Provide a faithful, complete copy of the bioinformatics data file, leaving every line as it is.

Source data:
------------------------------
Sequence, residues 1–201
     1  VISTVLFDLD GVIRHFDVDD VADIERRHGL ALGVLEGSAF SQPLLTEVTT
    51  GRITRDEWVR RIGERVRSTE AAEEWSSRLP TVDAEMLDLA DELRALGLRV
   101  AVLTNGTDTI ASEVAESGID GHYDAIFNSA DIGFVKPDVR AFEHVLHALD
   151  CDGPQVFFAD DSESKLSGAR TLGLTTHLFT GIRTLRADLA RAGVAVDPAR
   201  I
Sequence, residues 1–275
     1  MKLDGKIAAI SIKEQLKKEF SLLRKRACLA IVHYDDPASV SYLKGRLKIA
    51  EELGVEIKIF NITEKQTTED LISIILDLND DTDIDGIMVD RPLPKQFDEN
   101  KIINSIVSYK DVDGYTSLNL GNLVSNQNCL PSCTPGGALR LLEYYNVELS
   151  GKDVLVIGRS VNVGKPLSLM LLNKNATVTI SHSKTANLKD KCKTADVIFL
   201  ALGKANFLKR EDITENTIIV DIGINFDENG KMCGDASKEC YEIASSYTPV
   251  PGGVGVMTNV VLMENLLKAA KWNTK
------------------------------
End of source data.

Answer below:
Sequence, residues 1–201
     1  VISTVLFDLD GVIRHFDVDD VADIERRHGL ALGVLEGSAF SQPLLTEVTT
    51  GRITRDEWVR RIGERVRSTE AAEEWSSRLP TVDAEMLDLA DELRALGLRV
   101  AVLTNGTDTI ASEVAESGID GHYDAIFNSA DIGFVKPDVR AFEHVLHALD
   151  CDGPQVFFAD DSESKLSGAR TLGLTTHLFT GIRTLRADLA RAGVAVDPAR
   201  I
Sequence, residues 1–275
     1  MKLDGKIAAI SIKEQLKKEF SLLRKRACLA IVHYDDPASV SYLKGRLKIA
    51  EELGVEIKIF NITEKQTTED LISIILDLND DTDIDGIMVD RPLPKQFDEN
   101  KIINSIVSYK DVDGYTSLNL GNLVSNQNCL PSCTPGGALR LLEYYNVELS
   151  GKDVLVIGRS VNVGKPLSLM LLNKNATVTI SHSKTANLKD KCKTADVIFL
   201  ALGKANFLKR EDITENTIIV DIGINFDENG KMCGDASKEC YEIASSYTPV
   251  PGGVGVMTNV VLMENLLKAA KWNTK